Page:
Tag Archives: Pope Gregory the Great

9 February: Injustice can be brought about by law.

There has been much complaint about ‘one law for us, another for them’ during the course of the pandemic. Nothing new about that, of course. Blaise Pascal identified the problem a century before Doctor Johnson. It’s easy to see how similar assertions about being born in the wrong place at the wrong time could be used to justify slavery.

In the letter of the law injustice can come in. The pleasantries of the elders who have everything: my friend, since you were born on this side of the mountain, it’s right that your elder brother should have everything.

Pensees, 9.

But as Johnson said, you cannot argue with avarice – or unregulated capitalism. We just have to learn to live life simply, without unnecessary stuff, as to an extent we have had to these last months. As we come out of the infection and the danger of covid19, we could think more carefully about what we are buying, in particular about the costs of production in terms of human and environmental justice and peace.

Pope Gregory’s answer was not to argue with the slavers but to send Augustine to convert the English, including, no doubt, those men prepared to kidnap children and sell them on as slaves. But today we all need to convert ourselves from destroying our sisters and brothers, and destroying our common home, through what we buy. It’s not a task we’ll succeed in when life revolves around mobile phones that depend on exploited labour to extract the ores to produce the precious metals that power them. But we can do something if we reflect upon it.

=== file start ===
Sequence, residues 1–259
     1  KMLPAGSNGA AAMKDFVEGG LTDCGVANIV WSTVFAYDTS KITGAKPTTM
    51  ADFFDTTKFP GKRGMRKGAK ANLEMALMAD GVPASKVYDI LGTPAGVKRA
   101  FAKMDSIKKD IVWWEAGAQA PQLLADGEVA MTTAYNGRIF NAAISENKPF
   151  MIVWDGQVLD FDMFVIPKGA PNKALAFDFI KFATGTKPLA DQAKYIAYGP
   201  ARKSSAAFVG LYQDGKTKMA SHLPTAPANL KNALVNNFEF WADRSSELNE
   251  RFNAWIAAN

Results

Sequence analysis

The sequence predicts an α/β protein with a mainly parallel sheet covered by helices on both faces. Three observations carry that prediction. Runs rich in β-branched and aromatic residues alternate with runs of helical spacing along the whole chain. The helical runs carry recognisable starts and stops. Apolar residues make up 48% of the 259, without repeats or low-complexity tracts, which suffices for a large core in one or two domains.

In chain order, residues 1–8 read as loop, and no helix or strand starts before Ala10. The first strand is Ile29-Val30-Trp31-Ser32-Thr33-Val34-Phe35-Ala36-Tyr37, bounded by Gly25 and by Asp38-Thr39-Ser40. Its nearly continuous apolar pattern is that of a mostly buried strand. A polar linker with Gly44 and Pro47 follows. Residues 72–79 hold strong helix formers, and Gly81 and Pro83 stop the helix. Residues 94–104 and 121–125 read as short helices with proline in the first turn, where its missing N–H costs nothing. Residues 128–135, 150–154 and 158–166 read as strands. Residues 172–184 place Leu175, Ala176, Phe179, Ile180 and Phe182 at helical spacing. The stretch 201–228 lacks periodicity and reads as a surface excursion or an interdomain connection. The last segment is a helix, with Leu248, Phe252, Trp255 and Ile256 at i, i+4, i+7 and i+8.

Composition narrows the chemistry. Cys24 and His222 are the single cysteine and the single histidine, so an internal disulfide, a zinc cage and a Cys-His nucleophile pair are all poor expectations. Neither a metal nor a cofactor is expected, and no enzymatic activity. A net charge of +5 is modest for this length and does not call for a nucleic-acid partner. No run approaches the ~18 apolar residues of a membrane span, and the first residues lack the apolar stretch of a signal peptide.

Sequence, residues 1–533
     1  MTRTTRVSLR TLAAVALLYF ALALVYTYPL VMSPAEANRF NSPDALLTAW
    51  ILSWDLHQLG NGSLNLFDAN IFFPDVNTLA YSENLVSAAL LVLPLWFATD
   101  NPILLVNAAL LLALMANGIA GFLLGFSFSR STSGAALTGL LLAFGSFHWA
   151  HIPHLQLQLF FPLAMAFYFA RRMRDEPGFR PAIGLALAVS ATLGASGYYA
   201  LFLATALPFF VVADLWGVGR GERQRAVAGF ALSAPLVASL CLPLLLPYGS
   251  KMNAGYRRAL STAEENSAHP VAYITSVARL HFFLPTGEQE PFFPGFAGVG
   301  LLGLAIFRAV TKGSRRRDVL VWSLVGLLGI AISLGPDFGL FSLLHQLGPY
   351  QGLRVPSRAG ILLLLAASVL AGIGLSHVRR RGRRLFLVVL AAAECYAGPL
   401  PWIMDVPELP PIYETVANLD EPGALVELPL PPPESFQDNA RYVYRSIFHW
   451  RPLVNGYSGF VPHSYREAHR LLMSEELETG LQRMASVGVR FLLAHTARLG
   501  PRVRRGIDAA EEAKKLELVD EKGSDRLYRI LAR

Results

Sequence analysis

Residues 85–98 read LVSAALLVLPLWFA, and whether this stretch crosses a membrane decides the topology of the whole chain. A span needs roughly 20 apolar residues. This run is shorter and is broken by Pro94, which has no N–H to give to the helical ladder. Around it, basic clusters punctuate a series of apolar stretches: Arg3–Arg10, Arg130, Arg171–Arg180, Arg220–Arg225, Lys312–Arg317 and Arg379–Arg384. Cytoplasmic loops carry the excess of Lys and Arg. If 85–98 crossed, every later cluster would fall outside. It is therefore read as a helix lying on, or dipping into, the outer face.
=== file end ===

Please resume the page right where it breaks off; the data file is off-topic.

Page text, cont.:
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Filed under Daily Reflections, Easter, Justice and Peace, Mission

12 September: Saint Eanswythe of Folkestone.

eanswythe

In the ‘Dark Ages’ there seems to have been a high degree of enlightenment among the noble women of England and Wales. Think of Hilda or Winifride. Not such dark times at all.

There are people ready to cast our own time as a new dark age. But once again, I suggest, not so very dark.

Think of today’s Saint Eanswythe: like her niece Mildred of Minster, a Kentish maid. Eanswythe  died around 640, just 43 years after Pope Gregory sent Augustine to convert the people of Kent. She was not the first teenager to feel that marriage was not all a girl could aspire to. The cloistered life appealed: prayer, community and scholarship. Her father took some persuading, but with his help she founded the earliest sisters’ monastery  in England, overlooking the sea at Folkestone. She was a brave pioneer.

No sign of her original church remains, but Eanswythe’s relics were successfully hidden at the Reformation and can now be visited at the Church that bears her name.

And today’s young people? Here is part of a reflection from Ignatius who was at the World Youth Day in Krakow:

The entire World Youth Day was one big Holy Communion, in which I found Jesus over and over and over again. We were all there together, being made one, by the one body, the one love, of our one Lord.

Catholicity
mercy.carving. (328x640)

Now, the real challenge begins: to take God’s mercy home with us and out to the world…

And here’s Christina:

I have always wanted the truth.

Being raised Catholic, I was poorly educated in the Faith.  Probably because, being in a wheelchair, people assumed that I was “closer to God” and, therefore, going straight to Heaven after death.  But, that bias is ignorant of the fullness of reality – and I want the fullness of reality. I want the fullness of truth.

And there is many another to give us hope. God be with them. And may he help Team Agnellus to proclaim the Truth in all our posts.

MMB

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Filed under Daily Reflections, Year of Mercy